Today, we know that, in its decay, radium emits a helium nucleus (commonly known as “alpha particle”), giving rise to a chain of lighter nuclei and eventually electrons, which can move faster than light in the medium in which it is emitted (such as water). When this happens, a bluish light is emitted. Marie did not know it at the time, but she was looking at what years later would be known as the Cherenkov effect.

In 1910, Marie Curie, in fact, noticed the strange blue light and wrote in her notebook: “Nor was this the end of the wonders of radium. It also gave phosphorescence to a large number of bodies incapable of emitting light by their own means” [3, 5]. She wrongly attributed this blue emission to phosphorescence, which was the only phenomenon known at that time. However, the truth was that she was observing Cherenkov radiation, which would be officially discovered in 1934. Therefore, Marie Curie was one of the first people to observe Cherenkov radiation, albeit unknowingly. There were several others who came across this elusive radiation. In 1888, Oliver Heaviside wrote about it in a scientific paper (a) that was mostly disregarded: “If the speed of the motion exceeds that of light, the disturbances are wholly left behind the charge, and are confined within a cone.” And, in 1904, Arnold Sommerfeld theoretically predicted Cherenkov radiation, as well. But, once again, the scientific community missed the clue. It was not until 1922 that Marie’s French colleague, Leon Mallett, began studying the phenomenon, albeit still without much fortune. We had to wait another decade for the studies of Tamm, Frank, Vavilov and Cherenkov in 1934 to finally establish the true nature of this radiation [6].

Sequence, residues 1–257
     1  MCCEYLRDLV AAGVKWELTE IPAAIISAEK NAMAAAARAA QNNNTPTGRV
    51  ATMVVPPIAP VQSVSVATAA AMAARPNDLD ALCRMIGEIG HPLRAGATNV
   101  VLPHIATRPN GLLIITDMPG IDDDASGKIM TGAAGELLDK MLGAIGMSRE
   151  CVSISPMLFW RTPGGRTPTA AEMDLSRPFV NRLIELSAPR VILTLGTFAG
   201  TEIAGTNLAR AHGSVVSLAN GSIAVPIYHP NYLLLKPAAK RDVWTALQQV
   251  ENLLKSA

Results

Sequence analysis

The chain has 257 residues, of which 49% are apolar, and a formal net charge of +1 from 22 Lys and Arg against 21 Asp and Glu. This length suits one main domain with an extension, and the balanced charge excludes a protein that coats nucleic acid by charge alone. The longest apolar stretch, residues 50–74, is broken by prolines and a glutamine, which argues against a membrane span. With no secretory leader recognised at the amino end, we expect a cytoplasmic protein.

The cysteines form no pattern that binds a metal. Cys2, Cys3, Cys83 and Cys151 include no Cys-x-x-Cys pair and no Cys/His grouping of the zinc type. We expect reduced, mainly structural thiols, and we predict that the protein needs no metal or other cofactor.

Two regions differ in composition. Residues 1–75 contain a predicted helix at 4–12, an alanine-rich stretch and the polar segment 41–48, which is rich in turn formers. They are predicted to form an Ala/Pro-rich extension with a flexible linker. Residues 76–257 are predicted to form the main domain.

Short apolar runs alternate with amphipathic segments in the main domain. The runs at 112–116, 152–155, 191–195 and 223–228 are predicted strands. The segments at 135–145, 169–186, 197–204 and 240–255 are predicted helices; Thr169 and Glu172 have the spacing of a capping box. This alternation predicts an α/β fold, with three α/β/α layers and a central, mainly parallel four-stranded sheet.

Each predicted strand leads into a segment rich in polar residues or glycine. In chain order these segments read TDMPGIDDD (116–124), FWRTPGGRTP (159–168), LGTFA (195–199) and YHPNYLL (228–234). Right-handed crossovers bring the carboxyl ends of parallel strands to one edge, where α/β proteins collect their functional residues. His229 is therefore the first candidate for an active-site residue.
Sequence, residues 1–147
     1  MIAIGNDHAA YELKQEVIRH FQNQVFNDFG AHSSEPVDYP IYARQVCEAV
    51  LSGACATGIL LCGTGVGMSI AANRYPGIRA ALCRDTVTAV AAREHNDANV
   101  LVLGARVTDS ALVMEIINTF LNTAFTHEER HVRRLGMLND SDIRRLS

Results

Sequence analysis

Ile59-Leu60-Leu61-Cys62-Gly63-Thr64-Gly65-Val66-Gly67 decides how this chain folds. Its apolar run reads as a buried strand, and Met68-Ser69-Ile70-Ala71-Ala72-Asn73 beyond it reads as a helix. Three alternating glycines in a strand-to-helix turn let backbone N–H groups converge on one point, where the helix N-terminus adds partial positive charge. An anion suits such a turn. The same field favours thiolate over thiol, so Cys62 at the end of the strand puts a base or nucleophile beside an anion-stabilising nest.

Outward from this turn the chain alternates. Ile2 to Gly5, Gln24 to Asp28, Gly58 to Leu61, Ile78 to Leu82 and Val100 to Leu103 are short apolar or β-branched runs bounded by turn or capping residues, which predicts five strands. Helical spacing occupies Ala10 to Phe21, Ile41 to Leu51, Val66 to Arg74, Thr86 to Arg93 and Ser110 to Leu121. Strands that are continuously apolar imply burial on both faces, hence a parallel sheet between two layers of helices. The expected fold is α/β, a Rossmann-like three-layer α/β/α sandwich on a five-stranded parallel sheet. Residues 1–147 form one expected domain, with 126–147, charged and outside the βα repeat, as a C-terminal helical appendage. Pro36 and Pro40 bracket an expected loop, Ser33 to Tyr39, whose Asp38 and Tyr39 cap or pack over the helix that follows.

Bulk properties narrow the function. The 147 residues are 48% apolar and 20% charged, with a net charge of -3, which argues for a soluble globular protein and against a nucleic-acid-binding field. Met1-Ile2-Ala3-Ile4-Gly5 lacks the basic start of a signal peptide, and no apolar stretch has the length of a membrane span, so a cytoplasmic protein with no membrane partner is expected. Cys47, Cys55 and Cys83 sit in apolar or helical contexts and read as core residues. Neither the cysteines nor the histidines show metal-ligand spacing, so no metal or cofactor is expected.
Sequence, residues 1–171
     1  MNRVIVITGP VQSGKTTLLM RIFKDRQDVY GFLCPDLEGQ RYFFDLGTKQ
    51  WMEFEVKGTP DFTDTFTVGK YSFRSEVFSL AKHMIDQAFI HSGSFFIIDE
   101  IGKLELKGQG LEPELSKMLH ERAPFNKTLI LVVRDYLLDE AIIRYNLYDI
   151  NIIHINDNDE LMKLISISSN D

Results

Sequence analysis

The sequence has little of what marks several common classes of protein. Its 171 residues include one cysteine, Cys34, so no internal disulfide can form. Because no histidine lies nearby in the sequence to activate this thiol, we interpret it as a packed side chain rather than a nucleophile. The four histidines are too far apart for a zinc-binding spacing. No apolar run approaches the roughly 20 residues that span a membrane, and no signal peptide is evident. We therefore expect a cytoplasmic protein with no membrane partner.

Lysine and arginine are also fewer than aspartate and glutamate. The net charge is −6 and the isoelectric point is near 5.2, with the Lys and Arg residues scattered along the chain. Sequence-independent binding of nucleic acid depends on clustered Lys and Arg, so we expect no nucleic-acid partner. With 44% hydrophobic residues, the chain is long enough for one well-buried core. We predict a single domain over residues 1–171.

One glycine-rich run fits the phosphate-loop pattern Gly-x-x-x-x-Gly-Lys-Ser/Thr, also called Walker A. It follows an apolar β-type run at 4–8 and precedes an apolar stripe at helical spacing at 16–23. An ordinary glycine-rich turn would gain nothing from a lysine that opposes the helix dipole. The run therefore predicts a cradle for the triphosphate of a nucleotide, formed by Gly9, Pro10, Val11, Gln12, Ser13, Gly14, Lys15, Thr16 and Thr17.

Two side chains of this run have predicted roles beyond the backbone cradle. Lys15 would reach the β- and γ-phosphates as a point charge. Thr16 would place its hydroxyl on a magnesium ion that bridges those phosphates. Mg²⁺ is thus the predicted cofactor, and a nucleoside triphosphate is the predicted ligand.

And what was so overlooked in the 20th century has now opened a new window of science: astroparticle physics, the newest field in astronomy and astrophysics. Cherenkov light can also be produced in the air when a gamma ray (photons, or light, with extremely high energy) arrives in the Earth’s atmosphere and produces a particle shower. These particles move faster than the speed of light in the air of the atmosphere giving rise to this bluish flash of light: Cherenkov light. It lasts barely a billionth of a second, so we cannot see it with our eyes, but with Cherenkov telescopes we can. And the CTAO will use these telescopes to unravel the high-energy Universe. From a dim light in Marie’s lab to opening a new field of study.

In Marie Curie’s own words (b): “I am among those who think that science has great beauty. A scientist in his laboratory is not only a technician: he is also a child placed before natural phenomena which impress him like a fairy tale. We should not allow it to be believed that all scientific progress can be reduced to mechanisms, machines, gearings, even though such machinery also has its beauty.”

Article reviewed by Anna Wolter, researcher at the INAF Osservatorio Astronomico di Brera (Italy).


  3. Madame Curie. A Biography, Eve Curie, 1947
  5. Handbook of Radioactivity Analysis (Third Edition), Michael F. L’Annunziata, 2012
  6. APSNews (Volume 29, Number 11), 2020

(a) The paper “Electromagnetic waves, the propagation of potential, and the electromagnetic effects of a moving charge” was published in “The Electrician”, in 1888

(b) As quoted in Madame Curie: A Biography (1937) by Eve Curie Labouisse, as translated by Vincent Sheean, p. 341

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Marie Curie: The Strange Case of Cherenkov Radiation - CTAO